Intellectual property is the strongest it’s ever been, more or less worldwide. Large, powerful organizations with enormous IP portfolios are active in the machine learning space: IBM has a huge number of active patents, and Google and Apple are both busy stockpiling them from third party sources. Even if learning models are legally determined unpatentable, that doesn’t keep people from attempting to (and often succeeding at) filing patents for them; the nonexistence of such patents doesn’t prevent any company with lawyers and brass balls from attempting to defend them (and any other nebulous or imaginary claims) in civil court.

Even if, somehow, these extremely powerful forces don’t manage to get their way in terms of ensuring learning models are protected by some form of strong IP (copyright for individual models or patent for novel formulations), and somehow the IP litigation system that has for decades been systematically favoring IP holders and ignoring strong fair use cases reverses tack, and somehow these companies forget that they could make a trade secret claim — in other words, even if somehow our dysfunctionally overpowered IP system suddenly started working properly — learning models are hardly the most common forms of potentially protected work, and they are years away from being capable of producing work of equivalent quality to most protected work. In other words, the end of protection for learning models is insignificant compared to the scale of IP.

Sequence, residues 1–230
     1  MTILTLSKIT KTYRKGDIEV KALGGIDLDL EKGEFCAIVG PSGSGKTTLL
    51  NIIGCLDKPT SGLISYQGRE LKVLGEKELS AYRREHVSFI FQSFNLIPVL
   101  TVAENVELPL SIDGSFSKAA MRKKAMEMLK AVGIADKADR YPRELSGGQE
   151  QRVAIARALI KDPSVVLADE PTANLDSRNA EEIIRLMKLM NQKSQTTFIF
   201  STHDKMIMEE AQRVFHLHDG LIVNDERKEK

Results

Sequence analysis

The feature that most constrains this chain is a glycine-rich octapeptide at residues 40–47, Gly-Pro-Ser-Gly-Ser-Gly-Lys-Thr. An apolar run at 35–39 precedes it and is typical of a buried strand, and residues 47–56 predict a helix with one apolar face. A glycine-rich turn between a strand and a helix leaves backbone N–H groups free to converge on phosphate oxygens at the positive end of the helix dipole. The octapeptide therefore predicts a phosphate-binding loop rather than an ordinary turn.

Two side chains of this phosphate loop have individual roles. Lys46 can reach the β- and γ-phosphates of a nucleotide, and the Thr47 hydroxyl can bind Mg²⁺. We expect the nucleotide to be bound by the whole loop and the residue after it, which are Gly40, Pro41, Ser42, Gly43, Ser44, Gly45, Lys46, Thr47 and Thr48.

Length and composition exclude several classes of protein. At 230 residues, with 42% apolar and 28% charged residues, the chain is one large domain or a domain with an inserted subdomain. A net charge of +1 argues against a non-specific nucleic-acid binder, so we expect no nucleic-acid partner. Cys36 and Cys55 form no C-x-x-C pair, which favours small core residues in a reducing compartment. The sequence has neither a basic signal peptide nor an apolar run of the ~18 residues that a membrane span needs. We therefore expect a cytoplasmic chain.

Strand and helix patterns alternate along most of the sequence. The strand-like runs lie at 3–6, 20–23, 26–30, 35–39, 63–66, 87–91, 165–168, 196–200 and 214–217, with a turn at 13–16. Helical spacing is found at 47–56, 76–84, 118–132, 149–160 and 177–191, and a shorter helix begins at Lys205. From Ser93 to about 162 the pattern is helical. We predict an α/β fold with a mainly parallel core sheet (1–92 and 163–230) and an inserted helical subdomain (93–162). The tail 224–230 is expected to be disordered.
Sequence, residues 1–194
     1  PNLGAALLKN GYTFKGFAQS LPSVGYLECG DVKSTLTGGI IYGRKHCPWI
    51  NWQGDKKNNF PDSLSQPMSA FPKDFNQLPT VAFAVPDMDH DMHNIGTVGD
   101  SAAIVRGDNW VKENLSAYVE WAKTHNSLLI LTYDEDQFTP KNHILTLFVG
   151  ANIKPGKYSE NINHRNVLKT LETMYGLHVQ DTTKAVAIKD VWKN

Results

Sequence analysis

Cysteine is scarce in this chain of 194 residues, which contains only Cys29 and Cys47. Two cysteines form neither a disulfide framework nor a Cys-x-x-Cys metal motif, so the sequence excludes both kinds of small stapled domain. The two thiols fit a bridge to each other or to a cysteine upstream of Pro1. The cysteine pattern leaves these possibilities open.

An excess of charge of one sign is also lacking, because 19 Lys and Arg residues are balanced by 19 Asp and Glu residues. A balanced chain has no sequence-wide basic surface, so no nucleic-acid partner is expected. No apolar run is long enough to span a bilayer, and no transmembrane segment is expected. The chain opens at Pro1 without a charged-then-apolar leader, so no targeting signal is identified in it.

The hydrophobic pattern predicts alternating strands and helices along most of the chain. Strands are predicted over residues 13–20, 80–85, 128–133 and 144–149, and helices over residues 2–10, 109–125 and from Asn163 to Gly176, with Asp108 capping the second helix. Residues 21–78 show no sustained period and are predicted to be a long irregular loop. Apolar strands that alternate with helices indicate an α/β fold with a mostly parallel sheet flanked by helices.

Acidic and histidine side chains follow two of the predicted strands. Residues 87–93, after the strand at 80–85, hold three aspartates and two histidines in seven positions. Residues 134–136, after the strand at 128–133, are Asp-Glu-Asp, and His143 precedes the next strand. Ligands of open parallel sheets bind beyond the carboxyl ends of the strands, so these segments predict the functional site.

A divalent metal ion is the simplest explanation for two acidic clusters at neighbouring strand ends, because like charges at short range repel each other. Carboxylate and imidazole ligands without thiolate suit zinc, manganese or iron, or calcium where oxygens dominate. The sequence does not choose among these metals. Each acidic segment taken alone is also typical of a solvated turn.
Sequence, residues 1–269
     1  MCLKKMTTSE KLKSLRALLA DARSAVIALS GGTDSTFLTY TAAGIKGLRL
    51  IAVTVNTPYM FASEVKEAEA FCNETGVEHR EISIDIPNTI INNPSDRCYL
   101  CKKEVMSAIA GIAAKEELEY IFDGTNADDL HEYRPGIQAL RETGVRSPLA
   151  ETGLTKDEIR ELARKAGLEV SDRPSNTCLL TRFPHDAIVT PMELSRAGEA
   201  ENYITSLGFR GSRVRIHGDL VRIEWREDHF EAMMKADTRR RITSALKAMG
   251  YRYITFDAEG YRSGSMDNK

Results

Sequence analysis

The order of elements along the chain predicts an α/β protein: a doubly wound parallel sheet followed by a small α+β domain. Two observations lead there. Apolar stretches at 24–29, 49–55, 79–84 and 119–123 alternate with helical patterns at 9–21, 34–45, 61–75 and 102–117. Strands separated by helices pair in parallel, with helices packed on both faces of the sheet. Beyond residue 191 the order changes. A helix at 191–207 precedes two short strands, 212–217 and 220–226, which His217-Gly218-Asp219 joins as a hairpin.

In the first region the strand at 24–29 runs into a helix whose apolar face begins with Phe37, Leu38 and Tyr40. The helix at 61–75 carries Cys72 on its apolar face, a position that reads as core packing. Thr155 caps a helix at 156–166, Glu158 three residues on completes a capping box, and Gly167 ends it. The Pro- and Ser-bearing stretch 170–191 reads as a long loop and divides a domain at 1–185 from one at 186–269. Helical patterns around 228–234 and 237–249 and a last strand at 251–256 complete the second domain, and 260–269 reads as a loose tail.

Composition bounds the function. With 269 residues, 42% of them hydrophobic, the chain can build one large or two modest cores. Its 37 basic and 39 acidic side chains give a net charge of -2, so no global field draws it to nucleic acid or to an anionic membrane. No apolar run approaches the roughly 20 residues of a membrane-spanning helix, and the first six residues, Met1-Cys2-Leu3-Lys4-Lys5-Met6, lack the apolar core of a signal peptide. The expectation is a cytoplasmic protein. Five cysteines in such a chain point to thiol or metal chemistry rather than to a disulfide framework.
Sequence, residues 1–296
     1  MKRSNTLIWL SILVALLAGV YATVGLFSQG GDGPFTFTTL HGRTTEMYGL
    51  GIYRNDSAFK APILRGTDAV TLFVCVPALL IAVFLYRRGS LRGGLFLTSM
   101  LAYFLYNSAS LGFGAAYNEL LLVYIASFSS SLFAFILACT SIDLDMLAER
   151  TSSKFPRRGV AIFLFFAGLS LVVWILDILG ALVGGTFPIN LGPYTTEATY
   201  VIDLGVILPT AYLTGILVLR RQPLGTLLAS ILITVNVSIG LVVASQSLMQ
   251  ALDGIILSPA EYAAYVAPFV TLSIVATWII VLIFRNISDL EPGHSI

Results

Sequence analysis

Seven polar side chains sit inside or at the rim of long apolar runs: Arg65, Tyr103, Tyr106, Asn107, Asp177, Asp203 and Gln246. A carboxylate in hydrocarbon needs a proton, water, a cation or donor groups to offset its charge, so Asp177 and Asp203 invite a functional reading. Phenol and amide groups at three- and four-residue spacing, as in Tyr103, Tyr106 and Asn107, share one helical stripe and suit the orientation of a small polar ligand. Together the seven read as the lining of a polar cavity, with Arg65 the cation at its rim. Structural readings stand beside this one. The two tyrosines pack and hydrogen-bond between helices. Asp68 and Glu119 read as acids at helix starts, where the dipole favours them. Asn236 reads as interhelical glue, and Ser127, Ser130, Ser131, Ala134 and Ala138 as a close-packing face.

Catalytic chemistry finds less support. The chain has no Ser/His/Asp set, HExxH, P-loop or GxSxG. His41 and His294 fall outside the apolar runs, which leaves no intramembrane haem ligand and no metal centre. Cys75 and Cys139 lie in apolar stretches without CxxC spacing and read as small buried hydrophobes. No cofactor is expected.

Theft of learning models, of course, is both trivial and unprovable. A system intended to produce certain outputs for certain inputs can be trained on the same data or can be trained on API calls; as scale the result is the same, but the innards will be uncomparably different even for a very close match in behavior. Much like other behemoths of tech, the factor that would keep competitors out of the race with machine learning based API services is not the (public) concept or the (trivial and novel, mostly off-the-shelf/open-source) implementation but the cost of scaling to meet demand — anybody can write a facebook knock-off in a weekend but only facebook and a few others can afford the server cost to host facebook’s audience. Similarly, anybody can download tensor flow or torch, but few people can afford the cycles to train it on the entire google books corpus and add new books as they are released.

We don’t call facebook knock-offs (even very close ones, like those used for phishing) copyright infringment and consider them subject for suit, even though they definitely are using image assets against TOS; instead, we treat them as either legitimate attempts at competition doomed to failure or as cheap knock-offs indended to trick us. Likewise, trademark law is rarely applied directly against parasitic industries like that of mockbusters — the legal risk of loss of protection is low, and large film companies are mostly fine with allowing the parasites to continue preying on people with poor vision or damaged faculties of judgement who can’t distinguish between “Transformers” and “Transmorphers”; Universal is happy knowing that Asylum will never be able to compete with them head to head, and once the current generation of executives dies off and is replaced, they will treat internet piracy the same way.

Written by

Resident hypertext crank. Author of Big and Small Computing: Trajectories for the Future of Software. http://www.lord-enki.net

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